So, you know, these kinds of things we have to be aware of some of our biases. And so when you think about things like role playing, you may want to--you may want to, you know, think of some situations that might be difficult like, you know, what would you say to a 14-year old boy who wants to bank sperm? What kind of preparation would you give to him for going to the sperm bank or trying to give a semen sample? And one thing we know is, don't send his parents with him because if they're in the lobby that's the worst prognostic factor for his being able to ejaculate and produce a semen sample. And you know I think it's often very important with adolescent patients to try to talk with them separately from their parents and maybe talk with the parents separately and then get them all together so that everybody is on one page but not to expect them to divulge things like, whether they have wet dreams yet, or what kind of sexual activity they've experienced in front of their mom or dad. And of course that takes more time. So this can be, you know, like many of the specialties in oncology, a very time consuming thing to do. Another thing that's different about oncology settings is that we often have one shot at our patients, they come from far away, they may be coming here for a second opinion rather than for their full cancer treatment or they may be coming here to get a chemotherapy regimen set up and then returning to their home community.
So we may be able to follow them by phone or by email but, you know, we often may not have an opportunity or at least very few opportunities based far and wide between to follow up. And when I was aback at Stony Brook, we thought that a course of sex therapy was getting the couple in once a week for 15 weeks and now I, I laugh bitterly when I think about that because I'm lucky if I can get people to come in for three in person sessions. And if we are doing research and pay for their parking, that's still a problem getting them to come to MD Anderson. So we have to cram all this information into a short session when people are often very anxious and can't even take in what we're telling them and that's why I've been working on things like internet bay store, pure counseling based interventions to try to find a cause effective way of having more follow up care.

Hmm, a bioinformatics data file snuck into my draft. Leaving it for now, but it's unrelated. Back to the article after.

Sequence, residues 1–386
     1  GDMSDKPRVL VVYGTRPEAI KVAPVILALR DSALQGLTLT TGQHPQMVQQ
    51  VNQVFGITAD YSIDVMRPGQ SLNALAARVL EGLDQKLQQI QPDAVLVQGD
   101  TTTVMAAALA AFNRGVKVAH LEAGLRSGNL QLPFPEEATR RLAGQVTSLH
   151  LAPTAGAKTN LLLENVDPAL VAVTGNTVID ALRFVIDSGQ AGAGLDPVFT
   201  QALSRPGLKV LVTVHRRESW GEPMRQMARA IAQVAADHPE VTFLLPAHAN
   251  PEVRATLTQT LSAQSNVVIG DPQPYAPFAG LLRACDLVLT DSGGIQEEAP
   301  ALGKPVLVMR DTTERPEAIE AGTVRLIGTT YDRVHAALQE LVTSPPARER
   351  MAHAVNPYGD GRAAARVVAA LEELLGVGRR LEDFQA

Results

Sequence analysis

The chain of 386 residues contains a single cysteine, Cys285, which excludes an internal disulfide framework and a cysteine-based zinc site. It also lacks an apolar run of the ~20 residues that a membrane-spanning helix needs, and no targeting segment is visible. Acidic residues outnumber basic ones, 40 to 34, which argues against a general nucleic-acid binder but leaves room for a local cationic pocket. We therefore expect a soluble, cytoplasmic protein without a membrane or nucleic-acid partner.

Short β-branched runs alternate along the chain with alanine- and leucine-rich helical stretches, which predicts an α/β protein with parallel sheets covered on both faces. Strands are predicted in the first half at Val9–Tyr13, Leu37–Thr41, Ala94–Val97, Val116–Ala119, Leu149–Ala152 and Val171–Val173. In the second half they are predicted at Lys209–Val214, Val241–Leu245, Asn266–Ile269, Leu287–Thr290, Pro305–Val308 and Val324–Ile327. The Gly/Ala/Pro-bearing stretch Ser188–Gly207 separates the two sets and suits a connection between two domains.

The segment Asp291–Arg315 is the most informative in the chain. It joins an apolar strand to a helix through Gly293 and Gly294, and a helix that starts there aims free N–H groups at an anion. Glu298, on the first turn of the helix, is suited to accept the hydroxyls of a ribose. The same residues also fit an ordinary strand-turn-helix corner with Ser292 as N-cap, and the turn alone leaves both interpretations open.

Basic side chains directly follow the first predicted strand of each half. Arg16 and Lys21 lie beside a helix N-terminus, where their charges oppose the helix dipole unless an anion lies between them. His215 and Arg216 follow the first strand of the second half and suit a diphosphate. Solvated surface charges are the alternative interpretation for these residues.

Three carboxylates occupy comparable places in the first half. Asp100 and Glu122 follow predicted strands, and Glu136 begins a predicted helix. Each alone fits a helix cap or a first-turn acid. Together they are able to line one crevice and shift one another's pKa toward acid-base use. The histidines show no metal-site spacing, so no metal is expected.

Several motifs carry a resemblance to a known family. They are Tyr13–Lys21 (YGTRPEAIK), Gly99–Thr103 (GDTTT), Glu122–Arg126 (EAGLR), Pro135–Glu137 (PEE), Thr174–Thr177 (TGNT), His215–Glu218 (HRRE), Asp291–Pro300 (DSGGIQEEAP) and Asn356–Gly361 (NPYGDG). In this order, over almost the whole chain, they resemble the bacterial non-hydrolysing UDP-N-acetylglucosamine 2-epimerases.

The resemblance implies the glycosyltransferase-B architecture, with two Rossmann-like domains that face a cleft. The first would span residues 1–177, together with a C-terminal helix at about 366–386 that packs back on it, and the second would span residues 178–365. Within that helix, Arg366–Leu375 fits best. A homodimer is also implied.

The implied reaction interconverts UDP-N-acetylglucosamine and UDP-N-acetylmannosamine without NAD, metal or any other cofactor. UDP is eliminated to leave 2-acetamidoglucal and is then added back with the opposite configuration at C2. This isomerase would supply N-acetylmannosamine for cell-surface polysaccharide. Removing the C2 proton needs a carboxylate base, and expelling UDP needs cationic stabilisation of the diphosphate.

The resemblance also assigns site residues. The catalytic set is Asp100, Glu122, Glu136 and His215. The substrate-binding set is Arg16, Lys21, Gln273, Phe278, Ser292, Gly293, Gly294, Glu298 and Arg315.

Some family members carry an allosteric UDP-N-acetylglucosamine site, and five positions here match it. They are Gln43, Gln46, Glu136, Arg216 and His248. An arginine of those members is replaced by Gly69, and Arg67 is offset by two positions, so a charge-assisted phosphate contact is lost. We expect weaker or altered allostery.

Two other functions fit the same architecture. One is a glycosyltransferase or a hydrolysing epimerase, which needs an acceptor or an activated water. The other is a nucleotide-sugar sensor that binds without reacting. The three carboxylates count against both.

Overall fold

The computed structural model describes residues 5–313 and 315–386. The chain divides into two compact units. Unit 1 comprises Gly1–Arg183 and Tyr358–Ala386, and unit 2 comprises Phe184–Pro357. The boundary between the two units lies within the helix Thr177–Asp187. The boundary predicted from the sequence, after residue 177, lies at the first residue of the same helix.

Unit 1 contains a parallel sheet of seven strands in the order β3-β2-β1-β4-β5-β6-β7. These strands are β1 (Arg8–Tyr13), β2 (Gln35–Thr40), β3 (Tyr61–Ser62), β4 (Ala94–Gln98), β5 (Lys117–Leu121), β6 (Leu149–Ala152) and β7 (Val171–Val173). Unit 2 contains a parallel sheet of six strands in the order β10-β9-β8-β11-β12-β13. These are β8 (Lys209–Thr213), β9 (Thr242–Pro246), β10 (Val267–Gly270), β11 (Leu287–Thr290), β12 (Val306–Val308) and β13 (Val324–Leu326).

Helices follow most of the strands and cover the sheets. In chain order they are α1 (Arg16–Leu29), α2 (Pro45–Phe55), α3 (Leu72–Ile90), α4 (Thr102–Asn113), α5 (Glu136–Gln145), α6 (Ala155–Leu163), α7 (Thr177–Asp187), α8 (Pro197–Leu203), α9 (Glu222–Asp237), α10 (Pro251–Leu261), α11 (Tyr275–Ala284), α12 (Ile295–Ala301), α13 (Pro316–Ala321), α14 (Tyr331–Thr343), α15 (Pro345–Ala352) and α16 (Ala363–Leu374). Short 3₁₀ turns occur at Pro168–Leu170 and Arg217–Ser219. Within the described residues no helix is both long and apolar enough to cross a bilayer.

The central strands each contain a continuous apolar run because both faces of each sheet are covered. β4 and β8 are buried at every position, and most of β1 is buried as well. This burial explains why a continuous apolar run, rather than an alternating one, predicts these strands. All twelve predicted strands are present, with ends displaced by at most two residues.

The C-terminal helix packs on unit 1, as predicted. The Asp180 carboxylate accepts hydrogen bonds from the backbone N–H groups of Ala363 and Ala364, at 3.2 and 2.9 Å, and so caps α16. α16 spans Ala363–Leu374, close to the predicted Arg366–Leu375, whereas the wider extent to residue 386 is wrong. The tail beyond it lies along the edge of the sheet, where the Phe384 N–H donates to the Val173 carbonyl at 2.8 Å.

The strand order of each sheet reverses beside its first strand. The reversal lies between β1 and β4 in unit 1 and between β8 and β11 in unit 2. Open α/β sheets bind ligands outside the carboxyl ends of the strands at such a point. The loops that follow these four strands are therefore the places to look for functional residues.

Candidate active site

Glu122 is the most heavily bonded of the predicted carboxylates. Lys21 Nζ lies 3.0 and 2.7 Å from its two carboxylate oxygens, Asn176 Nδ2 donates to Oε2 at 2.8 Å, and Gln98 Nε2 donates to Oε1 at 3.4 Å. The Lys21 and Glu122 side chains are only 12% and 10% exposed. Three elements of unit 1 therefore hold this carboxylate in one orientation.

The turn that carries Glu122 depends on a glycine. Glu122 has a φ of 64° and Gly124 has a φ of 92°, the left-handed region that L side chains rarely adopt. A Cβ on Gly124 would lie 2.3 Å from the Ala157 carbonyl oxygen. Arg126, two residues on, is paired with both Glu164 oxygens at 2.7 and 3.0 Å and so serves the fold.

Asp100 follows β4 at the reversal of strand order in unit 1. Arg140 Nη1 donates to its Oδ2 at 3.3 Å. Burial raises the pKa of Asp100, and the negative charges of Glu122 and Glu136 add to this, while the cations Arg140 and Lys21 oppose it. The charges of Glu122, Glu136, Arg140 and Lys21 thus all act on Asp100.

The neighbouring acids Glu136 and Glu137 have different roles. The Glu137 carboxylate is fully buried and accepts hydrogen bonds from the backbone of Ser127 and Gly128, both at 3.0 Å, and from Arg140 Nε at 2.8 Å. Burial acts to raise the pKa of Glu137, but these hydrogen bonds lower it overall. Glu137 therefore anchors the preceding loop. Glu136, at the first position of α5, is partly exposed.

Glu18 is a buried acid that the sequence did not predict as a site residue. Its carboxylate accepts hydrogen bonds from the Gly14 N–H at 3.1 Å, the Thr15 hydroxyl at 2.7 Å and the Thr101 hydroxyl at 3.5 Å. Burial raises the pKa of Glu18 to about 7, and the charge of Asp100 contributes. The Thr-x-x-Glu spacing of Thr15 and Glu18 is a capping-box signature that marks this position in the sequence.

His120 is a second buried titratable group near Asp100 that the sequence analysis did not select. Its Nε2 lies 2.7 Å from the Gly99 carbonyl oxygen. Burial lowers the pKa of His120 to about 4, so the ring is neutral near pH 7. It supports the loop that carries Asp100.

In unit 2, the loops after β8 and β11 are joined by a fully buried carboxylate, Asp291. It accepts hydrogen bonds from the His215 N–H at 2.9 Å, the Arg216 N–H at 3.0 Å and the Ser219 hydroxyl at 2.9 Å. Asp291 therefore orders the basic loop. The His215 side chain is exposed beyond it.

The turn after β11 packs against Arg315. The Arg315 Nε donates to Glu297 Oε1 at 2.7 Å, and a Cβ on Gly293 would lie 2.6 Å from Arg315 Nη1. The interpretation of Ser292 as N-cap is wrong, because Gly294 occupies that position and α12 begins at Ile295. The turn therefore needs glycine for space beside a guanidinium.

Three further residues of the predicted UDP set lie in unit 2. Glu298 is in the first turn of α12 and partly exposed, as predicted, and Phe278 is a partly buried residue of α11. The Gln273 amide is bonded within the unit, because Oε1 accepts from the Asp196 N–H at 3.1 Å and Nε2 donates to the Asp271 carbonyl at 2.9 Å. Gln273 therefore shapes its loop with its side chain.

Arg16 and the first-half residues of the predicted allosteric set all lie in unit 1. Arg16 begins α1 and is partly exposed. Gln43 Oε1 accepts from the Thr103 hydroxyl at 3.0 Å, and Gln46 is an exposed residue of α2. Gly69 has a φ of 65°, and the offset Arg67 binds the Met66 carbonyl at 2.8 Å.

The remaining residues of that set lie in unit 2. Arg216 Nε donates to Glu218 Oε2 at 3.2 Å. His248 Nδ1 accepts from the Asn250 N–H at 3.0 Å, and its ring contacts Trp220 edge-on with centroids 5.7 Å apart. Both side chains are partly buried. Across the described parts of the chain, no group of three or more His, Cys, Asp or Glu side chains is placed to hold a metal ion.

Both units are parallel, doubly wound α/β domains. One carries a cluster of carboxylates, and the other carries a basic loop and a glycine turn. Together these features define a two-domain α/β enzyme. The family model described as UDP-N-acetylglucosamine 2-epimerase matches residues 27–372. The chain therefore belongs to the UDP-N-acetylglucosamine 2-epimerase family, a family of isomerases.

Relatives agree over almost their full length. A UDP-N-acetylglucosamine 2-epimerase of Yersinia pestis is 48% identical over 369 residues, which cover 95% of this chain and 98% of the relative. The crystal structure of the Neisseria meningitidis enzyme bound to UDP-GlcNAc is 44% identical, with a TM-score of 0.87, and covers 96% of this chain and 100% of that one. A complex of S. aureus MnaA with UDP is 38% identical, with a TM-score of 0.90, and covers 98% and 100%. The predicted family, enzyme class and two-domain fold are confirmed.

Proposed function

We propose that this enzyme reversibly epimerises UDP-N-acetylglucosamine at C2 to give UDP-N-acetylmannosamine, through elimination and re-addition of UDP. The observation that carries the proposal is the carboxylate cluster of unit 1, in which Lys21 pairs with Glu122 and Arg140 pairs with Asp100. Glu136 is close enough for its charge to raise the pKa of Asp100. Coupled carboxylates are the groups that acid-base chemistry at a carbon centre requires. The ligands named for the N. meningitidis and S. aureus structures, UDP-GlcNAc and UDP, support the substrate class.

Maybe I'll finish with one anecdote, that's one of my favorites so some of you may have heard this before but many years ago when I was here the first time, I had a lady in her early 70's who had radical cystectomy for bladder cancer. And I met with her and her husband, they have a lovely marriage for over 40 years and they--I met with them in her hospital room before surgery and explained all that was going to happen that her vagina was going to be somewhat reduced in size but then if we--you know, helped her with some estrogen and--and some gradual introduction to penetration again, she hopefully would be able to still have pain free intercourse. And I--I used 3 dimensional model to illustrate exactly what was going to be taken out and how things were going to be repaired, and they were very happy to talk with me, I talked with them again while she was still in the hospital, they went home, came back for their first follow up and I said "Gee, how are things going?" They said, "You know, we're kissing and touching and bringing each other to orgasm" but she said, "You know, I'm really afraid to have intercourse because I'm afraid my vagina will split open if I do." And I said, "Oh, you know, we talked about that before, let me explain again." That I got out the model again and explained that everything was all healed and that, you know, she might possibly have some tightness or pain but if she was patient and they--you know, kept on working with it we could give her dilators if she needed it that, you know, she should be able to have intercourse again. So they went home and they didn't come back for another 3 months and when they came back, I said, "How are things going?" And she said, "You know, we're kissing and touching and having orgasms, everything is great but I'm afraid my vagina will split open if I--if I, you know, have sex." So I went over the whole, you know, 9 yards again. And I said, you know, I'm not waiting for you to come back in another 3 or 6 months, I'm going to call you in 4 weeks and I'm going to ask you if you've done any of these things that I've suggested to you and how things are going. So I called them and she got on the phone and I said, "You know, how are things going?" and she said very indignantly, "We're having intercourse with no problem, why didn't you tell me any of this before?" So, you know, I think a lot of it is what patients are ready hear, you know, what their stress level is and--and don't think because you said it once you don't have to repeat it, and that's what, you know, is great about doing things like behavioral homework where we can find out what patients actually did and what went right, what went wrong and then help them from there in that kind of approach is very helpful and often very helpful in getting patients to manage some of the medical treatments that we have for them. So let me stop there and again, I apologize about the slides.